Why brexit

Brexit minister David Davis is facing anger after withholding detailed Brexit forecasts. First – and what will be most conspicuous today – is that MPs will complain to the Speaker that her Brexit minister David Davis has failed to fulfil the terms of a parliamentary motion ordering him to give to the Brexit select committee all official why brexit about the economic impact of leaving the EU. As I reported yesterday morning, Davis has delivered 850 pages of edited official copy, but he has excised anything that in his view would impair his position in talks with the rest of the EU.

It is close to inconceivable that the Speaker will not uphold the inevitable complaints against Davis and the Government. At which point the degree of their putative contempt of Parliament will be assessed by the Committee of Privileges – which again is almost certain to find against them. Mrs May must weigh up whether it is worth holding a vote asking to redact information. Will they be obliged to hand over even the sensitive official stuff – the bits that say Brexit will muller this or that British industry – to the Brexit committee? The Government could put another so-called “humble address” before MPs which would propose amending the original requirement to produce the EU documents to the effect that sensitive information could be redacted or excised. The risk for May of course is that she might lose such a vote.

So she’ll have to weigh up whether the humiliation of such a loss is worth risking to avoid the acute embarrassment of revealing what many of her officials and British business people really think of Brexit. So that is May’s first big Parliamentary headache. The UK has conceded that the ECJ will still have sway after Brexit. We simply can’t have a foreign court having jurisdiction over residents of the UK”. Or to put it another way, May would dangerously alienate perhaps 30 or 40 of her own MPs when she turns ministerial intention into a public offer to the EU of a continuing role for the ECJ as migrants’ ultimate court of appeal. Campaigners wave EU flags outside the Houses of Parliament. The Government’s position on how to avoid an unacceptable hard border between the Republic and the UK – either in the sea or with Northern Ireland – can be boiled down into little more than an optimistic statement that a way will be found, subject to trade talks.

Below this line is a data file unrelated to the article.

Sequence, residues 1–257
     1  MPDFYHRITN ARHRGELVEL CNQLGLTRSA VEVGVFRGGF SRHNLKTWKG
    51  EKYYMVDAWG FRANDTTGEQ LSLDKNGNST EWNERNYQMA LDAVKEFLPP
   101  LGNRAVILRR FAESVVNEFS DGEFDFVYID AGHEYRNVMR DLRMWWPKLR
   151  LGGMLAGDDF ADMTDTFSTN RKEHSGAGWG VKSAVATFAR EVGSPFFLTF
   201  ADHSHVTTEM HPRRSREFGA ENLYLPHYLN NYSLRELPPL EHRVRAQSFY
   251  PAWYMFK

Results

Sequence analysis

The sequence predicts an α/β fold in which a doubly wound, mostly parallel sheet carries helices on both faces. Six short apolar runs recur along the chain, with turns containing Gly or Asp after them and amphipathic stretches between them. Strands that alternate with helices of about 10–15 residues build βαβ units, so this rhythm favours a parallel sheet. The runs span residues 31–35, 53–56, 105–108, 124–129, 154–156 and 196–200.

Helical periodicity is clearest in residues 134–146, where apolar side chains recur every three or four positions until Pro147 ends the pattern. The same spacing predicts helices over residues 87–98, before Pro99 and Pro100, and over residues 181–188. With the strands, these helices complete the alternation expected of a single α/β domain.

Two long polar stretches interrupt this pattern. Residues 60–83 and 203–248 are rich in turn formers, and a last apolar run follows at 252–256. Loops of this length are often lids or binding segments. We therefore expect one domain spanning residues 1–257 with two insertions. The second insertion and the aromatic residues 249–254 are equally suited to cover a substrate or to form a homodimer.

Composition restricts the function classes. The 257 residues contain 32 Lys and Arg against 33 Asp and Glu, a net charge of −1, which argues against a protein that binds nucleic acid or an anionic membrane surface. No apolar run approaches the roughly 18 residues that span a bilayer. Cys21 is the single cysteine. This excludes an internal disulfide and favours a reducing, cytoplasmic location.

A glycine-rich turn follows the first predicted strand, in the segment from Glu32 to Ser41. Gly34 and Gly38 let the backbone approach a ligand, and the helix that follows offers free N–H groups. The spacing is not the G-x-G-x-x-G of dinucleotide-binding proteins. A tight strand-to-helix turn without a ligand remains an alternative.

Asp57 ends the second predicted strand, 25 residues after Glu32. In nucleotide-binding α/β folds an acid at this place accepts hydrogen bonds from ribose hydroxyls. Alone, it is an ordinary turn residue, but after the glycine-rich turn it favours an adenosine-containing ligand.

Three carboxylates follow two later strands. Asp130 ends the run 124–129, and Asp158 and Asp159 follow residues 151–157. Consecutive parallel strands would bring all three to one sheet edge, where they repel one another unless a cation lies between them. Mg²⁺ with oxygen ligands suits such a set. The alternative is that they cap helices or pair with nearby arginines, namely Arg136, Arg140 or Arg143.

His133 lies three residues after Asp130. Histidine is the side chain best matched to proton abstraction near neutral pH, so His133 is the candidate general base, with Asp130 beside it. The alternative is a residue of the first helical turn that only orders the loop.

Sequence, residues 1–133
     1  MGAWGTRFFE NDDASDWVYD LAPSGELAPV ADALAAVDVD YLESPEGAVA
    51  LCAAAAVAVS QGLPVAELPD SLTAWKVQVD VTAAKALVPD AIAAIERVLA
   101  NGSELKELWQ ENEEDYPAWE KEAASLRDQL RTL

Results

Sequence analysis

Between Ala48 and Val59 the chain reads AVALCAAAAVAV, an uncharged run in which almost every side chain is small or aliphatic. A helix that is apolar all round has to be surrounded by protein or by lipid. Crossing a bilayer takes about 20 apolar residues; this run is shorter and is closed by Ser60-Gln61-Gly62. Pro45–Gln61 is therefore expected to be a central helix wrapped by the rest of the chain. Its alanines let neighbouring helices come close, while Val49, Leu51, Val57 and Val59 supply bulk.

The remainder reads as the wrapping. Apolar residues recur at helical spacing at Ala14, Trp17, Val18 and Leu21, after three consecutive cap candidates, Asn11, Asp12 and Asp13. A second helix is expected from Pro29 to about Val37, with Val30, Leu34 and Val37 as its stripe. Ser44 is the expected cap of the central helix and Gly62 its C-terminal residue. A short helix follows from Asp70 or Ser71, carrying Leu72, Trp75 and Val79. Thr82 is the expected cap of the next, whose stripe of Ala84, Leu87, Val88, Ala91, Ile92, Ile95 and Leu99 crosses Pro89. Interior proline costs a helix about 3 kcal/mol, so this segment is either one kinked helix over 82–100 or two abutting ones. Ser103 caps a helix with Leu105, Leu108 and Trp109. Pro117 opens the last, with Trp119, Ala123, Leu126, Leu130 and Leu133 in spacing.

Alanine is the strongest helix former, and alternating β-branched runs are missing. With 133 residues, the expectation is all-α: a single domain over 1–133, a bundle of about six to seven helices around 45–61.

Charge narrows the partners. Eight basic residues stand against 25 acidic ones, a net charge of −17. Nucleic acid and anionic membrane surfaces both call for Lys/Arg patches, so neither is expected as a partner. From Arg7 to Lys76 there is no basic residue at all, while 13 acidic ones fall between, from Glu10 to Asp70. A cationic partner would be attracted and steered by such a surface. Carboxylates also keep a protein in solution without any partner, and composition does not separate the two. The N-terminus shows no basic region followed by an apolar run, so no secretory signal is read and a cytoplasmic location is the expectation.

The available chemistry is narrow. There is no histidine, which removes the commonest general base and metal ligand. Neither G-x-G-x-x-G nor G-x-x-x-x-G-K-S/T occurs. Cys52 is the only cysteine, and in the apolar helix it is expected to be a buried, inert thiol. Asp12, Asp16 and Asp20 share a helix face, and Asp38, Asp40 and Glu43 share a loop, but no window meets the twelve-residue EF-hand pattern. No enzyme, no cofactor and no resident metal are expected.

What literally no one knows is whether it will be enough for the rest of the EU at the December summit to hear May promise to find a solution, or whether they will enforce the Catch 22 they created – which is that the border issue can’t be solved without a trade deal, but trade talks can’t start unless the border issue is solved. To put it another way, it is clear that May herself wants to avoid a hard Brexit if she can, though there are political limits to what she feels she can offer the rest of the EU. But – and here is the unfashionable view – I am far less certain that the rest of the EU genuinely wants to ward off that abrupt or hard secession of the UK. How big is the gender pay gap in your office? Please forward this error screen to 91. Here is an easy-to-understand guide to Brexit – beginning with the basics, then a look at the negotiations, followed by a selection of answers to questions we’ve been sent. The UK has voted to leave the European Union.

It is scheduled to depart at 11pm UK time on Friday 29 March, 2019. The UK and EU have provisionally agreed on the three “divorce” issues of how much the UK owes the EU, what happens to the Northern Ireland border and what happens to UK citizens living elsewhere in the EU and EU citizens living in the UK. It refers to a period of time after 29 March, 2019, to 31 December, 2020, to get everything in place and allow businesses and others to prepare for the moment when the new post-Brexit rules between the UK and the EU begin. It also allows more time for the details of the new relationship to be fully hammered out. Free movement will continue during the transition period as the EU wanted. Do we know how things will work in the long-term? Negotiations about future relations between the UK and the EU are just beginning.